Mucopolysaccharidoses and the eye

A study by Dr Muralidhar Ramappa and others from L V Prasad Eye Institute evaluated the use of anterior segment morphometry to assess any changes in patients with mucopolysaccharidoses (MPS). It highlights the value of correlating anterior segment changes to disease progression and the early diagnosis of glaucoma in people with MPS.  

Mucopolysaccharidoses (MPS) are rare, metabolic life-limiting disorders caused by the absence or malfunction of certain enzymes in the body. People with MPS cannot break down certain accumulated sugars in their body’s cells and tissues. This causes various cognitive and musculoskeletal defects, including ocular manifestations such as corneal clouding and glaucoma. MPS is classified into four types (Type I, II, IV and VI), with an estimated prevalence of 2 to 6 per 100,000 births.   

Recent advances in treatment modalities have shown promise for reversing systemic problems in the body, but they fail to address MPS’ damage to the eye. In fact, children with MPS require close follow-up as they grow into adulthood in case they need urgent intervention to save their sight. MPS (excluding type II) leads to corneal clouding in the child’s first year itself. It also seems to impact the eye’s axial length. Even less under-reported is the prevalence of secondary glaucoma, either due to corneal thickening or unnatural deposits of sugars in the eye. Assessing these anterior segment alterations may provide answers for diagnosing early onset glaucoma in children with MPS.  

A new study in the Indian Journal of Ophthalmology by Dr Muralidhar Ramappa and others from the L V Prasad Eye Institute evaluated the use of anterior segment morphometry to assess changes in the ocular morphology in patients with MPS and to explore whether these measurements correlate with an early diagnosis of glaucoma. The study compared a cohort with MPS to age-matched healthy controls, 35 eyes each, with a total of 70 eyes (of 35 children), mostly male (71%). The study included a comprehensive eye examination to measure refraction and anterior segment imaging to note corneal clouding, central corneal thickness (CCT), intraocular pressure (IOP) anterior chamber depth (ACD), and axial eye length (AXL).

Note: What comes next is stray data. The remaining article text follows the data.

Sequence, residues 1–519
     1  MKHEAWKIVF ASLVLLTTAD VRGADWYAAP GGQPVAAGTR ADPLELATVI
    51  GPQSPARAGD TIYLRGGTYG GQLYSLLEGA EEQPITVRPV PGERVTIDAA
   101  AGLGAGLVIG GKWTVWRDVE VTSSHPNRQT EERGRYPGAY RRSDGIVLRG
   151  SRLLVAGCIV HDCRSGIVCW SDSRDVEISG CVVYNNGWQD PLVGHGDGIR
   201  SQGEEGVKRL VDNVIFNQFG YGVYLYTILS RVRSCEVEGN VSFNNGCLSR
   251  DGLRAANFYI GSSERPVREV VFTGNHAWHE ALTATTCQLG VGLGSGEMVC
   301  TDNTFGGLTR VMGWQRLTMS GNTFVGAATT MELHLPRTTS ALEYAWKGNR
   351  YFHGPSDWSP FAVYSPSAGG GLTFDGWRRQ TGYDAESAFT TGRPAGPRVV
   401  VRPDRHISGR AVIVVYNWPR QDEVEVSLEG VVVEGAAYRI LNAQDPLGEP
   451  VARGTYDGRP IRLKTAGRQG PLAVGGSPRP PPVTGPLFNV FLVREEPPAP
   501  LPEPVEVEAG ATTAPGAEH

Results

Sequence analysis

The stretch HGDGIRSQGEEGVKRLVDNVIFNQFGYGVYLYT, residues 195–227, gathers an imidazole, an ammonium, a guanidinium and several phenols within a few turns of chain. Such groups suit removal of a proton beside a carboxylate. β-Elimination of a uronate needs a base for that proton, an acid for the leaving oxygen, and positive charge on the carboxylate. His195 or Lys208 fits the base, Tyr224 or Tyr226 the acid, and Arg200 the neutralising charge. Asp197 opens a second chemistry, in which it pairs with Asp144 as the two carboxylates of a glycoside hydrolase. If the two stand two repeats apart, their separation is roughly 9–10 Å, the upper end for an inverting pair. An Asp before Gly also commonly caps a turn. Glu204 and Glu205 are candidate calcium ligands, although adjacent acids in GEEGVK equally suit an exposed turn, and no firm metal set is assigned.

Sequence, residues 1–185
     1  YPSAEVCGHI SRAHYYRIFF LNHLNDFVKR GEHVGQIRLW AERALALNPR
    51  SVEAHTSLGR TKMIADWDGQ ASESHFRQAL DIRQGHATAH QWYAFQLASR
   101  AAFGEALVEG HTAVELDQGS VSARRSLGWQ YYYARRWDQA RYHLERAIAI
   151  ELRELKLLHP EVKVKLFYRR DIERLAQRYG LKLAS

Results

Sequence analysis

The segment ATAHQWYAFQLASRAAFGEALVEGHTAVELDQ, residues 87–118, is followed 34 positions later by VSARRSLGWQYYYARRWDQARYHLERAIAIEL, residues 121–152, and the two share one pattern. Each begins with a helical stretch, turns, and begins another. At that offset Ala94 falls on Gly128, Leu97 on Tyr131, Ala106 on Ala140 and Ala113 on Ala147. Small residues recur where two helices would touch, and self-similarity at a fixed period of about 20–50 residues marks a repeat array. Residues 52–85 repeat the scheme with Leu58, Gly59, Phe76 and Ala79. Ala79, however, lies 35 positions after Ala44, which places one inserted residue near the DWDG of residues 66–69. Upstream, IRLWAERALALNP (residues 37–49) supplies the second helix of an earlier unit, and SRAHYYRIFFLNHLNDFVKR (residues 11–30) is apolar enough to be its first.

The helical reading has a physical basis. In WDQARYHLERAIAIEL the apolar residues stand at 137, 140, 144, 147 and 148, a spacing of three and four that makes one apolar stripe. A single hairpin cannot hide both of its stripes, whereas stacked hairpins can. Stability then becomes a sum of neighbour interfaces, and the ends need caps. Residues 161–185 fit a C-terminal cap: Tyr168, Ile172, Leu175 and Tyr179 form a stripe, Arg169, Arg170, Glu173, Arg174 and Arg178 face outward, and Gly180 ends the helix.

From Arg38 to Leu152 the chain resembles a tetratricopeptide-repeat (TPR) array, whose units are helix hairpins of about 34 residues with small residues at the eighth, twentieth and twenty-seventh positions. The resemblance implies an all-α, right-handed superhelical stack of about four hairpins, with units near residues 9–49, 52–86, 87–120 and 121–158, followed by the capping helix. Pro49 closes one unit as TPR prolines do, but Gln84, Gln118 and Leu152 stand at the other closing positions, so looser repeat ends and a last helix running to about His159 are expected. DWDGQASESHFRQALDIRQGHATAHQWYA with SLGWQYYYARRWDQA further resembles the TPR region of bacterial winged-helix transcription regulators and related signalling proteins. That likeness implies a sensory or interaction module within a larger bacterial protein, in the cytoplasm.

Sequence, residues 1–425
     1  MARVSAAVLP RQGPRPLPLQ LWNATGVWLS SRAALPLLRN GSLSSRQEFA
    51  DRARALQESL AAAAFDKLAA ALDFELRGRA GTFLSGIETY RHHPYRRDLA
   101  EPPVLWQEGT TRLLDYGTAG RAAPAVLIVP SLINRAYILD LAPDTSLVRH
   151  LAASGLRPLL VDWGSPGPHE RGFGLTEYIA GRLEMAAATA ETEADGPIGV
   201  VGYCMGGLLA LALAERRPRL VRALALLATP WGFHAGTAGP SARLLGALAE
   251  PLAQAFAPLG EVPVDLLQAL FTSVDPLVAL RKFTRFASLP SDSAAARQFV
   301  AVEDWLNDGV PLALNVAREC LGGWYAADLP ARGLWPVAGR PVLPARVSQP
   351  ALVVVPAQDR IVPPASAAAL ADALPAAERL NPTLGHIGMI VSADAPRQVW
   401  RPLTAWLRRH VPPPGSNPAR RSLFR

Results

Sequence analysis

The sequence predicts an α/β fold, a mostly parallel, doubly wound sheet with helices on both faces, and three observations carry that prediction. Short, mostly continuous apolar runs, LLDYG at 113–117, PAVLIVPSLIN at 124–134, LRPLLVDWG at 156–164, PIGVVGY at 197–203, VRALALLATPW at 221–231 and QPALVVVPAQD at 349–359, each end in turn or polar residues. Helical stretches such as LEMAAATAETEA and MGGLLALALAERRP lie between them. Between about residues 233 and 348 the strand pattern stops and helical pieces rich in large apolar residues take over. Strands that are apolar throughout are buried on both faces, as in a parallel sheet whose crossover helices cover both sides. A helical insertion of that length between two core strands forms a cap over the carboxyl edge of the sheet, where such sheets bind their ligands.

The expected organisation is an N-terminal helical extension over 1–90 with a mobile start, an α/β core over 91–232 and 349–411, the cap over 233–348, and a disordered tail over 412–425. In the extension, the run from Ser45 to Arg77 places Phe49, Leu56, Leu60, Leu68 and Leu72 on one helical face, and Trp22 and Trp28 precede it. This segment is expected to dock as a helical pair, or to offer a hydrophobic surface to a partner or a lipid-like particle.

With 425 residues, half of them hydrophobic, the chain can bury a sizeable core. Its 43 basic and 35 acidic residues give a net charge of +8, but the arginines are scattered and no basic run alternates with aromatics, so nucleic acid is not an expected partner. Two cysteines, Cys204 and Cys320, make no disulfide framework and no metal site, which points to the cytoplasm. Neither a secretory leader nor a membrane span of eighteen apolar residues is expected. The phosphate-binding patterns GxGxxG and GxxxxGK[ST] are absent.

The study found that children with MPS recorded abnormal eyeball growth, higher corneal thickening, and loss of corneal transparency. The study also found secondary glaucoma and optic nerve involvement—in fact 28% of their MPS patients had glaucoma, far higher than the reported 2-10% in previous studies. A key insight of the study is the association between architectural changes to the anterior segment of the eye and disease progression including secondary glaucoma. Incorporating eye exams into MPS standard of care can lead to an improvement in the quality of life of these patients. 

‘Regular eye exams are essential to standard of care for patients with MPS. These exams can help detect eye problems early and prompt treatment to prevent vision loss,’ says Dr Muralidhar Ramappa, Faculty Ophthalmologist, Institute for Rare Eye Diseases & Ocular Genetics, LVPEI. ‘The high childhood mortality in MPS has directed much of the research on the life-threatening outcomes of the condition, rather than ocular symptoms and manifestations. This paper underscores the value of correlating anterior segment changes to disease progression.’ 

Ramya Achanta DS, Mohamed A, Chaurasia S, Senthil S, Mandal AK, Takkar B, Mishra DK, Edward DP, Ramappa M. Objectively measuring anterior segment alterations in the eyes of mucopolysaccharidoses: Its utility in early diagnosis of glaucoma. Indian J Ophthalmol. 2022 Dec;70(12):4180-4185. doi: 10.4103/ijo.IJO_1300_22. PMID: 36453310. 

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